I’ve told this story before, but it’s worth retelling. In 1999, British author-screenwriter Frederic Raphael’s book “Eyes Wide Open” was published. In it, he described his work with Stanley Kubrick, who was then making what would turn out to be his final movie, “Eyes Wide Shut.” Raphael barely met Kubrick during the course of their collaboration, which took place mostly over the phone. Kubrick would phone Raphael at all hours of the day.
He woke Raphael one night and, as usual, without identifying himself or referring to their joint enterprise, asked, “Frederic, have there been films made about the Holocaust?” Raphael, still drowsy, said that of course there were. “Which ones?” asked Kubrick. “Passenger” was the first that came to Raphael’s mind. “That’s not a movie about the Holocaust,” answered the irascible auteur, confusing Polish director Andrzej Munk’s 1963 movie “Passenger” (which Raphael meant) with Italian director Michelangelo Antonioni’s 1975 movie “The Passenger.”
After Raphael sorted out the confusion, Kubrick asked, “What else?” “Schindler’s List,” replied Raphael. “Six million people died in the Holocaust. ‘Schindler’s List’ is about 600 who were saved. It’s not a movie about the Holocaust,” replied Kubrick, before hanging up.
I don’t intend to deal with the fine distinction Kubrick made in relation to Steven Spielberg’s 1993 movie, which shattered the barrier that had previously prevented the subject being addressed in popular movies. I want instead to discuss the movie that confused Kubrick. Munk’s film, which should more accurately be called “The Female Passenger,” wasn’t the first full-length film to deal with the memory of the Holocaust.
Before it came 1960’s “Kapò,” by Italian director Gillo Pontecorvo (who went on to make “The Battle of Algiers”), which was slammed for its melodramatic nature. Still, his movie is more interesting than was claimed upon its initial release.
Munk was one of the first graduates of the National Film School in Lodz – one of the first signs of the new wave of Polish films in the 1950s. Munk’s film is a totally different movie than Pontecorvo’s. Part of its uniqueness stems from the fact that Munk was killed in a road accident during production in 1961. The movie was completed, while referencing this fact, by another director, Witold Lesiewicz. The resultant movie, therefore, reflects two parallel memories: one of the Holocaust, a memory Munk wished to preserve in his film; and the other a tribute to Munk himself.
Munk’s screenplay was based on a novel by Zofia Posmysz and tells the story of Liza (Aleksandra Slaska), a German woman returning to Poland for the first time since the war. On the boat going there, she recognizes a woman called Marta (Anna Ciepielewska), who was an inmate under her harsh supervision at Auschwitz. Their meeting evokes a series of flashbacks (filmed in Auschwitz-Birkenau Concentration Camp), through which Liza attempts to find some justification for her past actions. This proves futile and her dark secrets as a prison guard, which she has tried to repress, are revealed.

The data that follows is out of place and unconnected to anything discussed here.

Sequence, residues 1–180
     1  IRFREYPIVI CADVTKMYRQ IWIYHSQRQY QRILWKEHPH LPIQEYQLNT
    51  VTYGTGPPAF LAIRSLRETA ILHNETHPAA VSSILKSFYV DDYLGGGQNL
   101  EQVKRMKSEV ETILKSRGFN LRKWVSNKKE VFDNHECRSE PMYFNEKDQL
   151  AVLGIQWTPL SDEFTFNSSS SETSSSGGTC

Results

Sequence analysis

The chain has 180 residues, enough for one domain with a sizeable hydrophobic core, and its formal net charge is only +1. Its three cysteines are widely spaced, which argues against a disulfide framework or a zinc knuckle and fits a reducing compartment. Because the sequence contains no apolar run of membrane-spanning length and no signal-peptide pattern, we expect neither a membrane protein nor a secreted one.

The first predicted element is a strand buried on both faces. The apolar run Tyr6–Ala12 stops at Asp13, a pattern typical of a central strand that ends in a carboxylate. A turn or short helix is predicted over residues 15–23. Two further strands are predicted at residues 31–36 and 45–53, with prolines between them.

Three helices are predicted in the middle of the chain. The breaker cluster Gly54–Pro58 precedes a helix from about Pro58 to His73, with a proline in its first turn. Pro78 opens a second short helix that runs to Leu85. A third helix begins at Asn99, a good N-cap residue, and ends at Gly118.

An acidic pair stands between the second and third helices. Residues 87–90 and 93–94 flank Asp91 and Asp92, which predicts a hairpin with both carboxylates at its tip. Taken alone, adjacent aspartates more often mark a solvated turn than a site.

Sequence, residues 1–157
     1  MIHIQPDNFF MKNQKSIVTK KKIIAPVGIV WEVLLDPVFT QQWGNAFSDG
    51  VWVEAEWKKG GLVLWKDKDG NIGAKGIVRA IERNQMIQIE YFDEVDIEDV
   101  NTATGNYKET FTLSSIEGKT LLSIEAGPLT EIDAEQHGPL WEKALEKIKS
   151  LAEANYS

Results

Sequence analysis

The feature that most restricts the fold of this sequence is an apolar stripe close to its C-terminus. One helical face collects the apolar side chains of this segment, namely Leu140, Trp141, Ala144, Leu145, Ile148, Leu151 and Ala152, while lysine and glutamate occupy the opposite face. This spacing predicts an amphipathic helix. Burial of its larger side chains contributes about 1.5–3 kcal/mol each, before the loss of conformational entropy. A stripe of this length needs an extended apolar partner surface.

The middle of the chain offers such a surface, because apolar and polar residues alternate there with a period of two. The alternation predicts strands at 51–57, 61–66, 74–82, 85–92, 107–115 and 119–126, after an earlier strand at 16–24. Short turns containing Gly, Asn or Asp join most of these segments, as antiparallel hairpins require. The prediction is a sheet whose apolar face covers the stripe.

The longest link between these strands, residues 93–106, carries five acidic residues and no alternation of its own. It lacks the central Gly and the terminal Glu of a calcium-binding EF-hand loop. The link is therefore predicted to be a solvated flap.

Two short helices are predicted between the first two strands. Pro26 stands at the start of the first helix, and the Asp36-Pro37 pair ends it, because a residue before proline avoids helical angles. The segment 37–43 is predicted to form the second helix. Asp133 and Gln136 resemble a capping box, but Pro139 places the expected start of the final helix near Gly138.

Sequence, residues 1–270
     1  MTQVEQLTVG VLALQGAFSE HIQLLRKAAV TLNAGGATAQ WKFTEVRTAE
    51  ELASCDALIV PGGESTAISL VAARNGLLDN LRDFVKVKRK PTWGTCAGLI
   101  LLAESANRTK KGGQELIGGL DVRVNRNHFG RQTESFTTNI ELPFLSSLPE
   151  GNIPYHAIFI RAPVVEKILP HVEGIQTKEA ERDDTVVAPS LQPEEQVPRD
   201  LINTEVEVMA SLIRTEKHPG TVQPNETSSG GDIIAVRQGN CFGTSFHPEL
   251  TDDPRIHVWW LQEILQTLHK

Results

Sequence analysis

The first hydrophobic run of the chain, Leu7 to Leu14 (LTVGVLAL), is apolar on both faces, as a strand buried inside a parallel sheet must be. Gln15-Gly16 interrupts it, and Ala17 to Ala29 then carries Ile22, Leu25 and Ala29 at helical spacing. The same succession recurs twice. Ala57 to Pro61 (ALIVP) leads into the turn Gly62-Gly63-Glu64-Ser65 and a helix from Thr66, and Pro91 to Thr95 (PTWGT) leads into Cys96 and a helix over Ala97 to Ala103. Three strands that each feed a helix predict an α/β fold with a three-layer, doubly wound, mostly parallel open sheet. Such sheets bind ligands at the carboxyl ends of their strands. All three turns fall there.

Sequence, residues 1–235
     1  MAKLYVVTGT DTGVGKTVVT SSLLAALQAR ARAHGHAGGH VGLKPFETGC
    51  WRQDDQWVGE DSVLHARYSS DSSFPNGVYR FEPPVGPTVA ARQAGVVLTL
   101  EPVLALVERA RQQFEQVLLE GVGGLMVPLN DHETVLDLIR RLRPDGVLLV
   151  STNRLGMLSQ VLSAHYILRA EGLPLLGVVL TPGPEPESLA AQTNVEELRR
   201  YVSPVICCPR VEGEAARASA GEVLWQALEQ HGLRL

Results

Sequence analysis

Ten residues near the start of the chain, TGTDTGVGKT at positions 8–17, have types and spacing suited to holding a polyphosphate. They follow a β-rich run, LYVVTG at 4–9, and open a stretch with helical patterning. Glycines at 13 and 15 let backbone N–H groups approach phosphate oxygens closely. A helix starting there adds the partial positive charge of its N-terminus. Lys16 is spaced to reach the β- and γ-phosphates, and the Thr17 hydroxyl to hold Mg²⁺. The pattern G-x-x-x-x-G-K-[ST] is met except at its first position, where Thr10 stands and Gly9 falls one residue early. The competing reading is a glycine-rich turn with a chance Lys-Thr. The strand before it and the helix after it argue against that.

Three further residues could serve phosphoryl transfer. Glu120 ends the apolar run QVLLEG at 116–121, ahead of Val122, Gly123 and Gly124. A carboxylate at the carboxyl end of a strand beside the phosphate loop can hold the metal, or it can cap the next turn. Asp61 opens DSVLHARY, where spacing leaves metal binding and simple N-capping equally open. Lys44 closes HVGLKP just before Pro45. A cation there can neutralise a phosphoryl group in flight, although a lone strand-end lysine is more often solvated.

Due to Munk’s sudden death, the scenes he didn’t get to shoot – which take place in the movie’s present – are presented as stills. This gives the movie a unique style that was not originally intended: It confronts the “frozen” present with the “live” past, as recreated in Auschwitz, which mitigates the movie’s melodramatic dimensions. It was released in Poland in 1963, going on to be shown at the following year’s Cannes Film Festival. The movie became a significant part of the discourse concerning films and Holocaust commemoration.
While discussing Eastern European films that deal with the Holocaust, one should mention a more neglected one – but a film just as impressive as Munk’s. This is “Diamonds of the Night” (1964), by Czech director Jan Nemec. The movie was part of the Czech new wave in the 1960s, which included directors such as Milos Forman, Jirí Menzel and Ivan Passer. “Diamonds of the Night” was Nemec’s first full-length feature; he died in March at 79. His style in the film was a harsh and realistic one that also incorporated lyrical elements, including the hardships encountered by two Jewish youths in their attempts to survive after fleeing from a train taking them from one death camp to another.
It’s regrettable that Israeli television doesn’t present important and worthy films such as these to the public, instead of screening the same films over and over again on Holocaust Remembrance Day.
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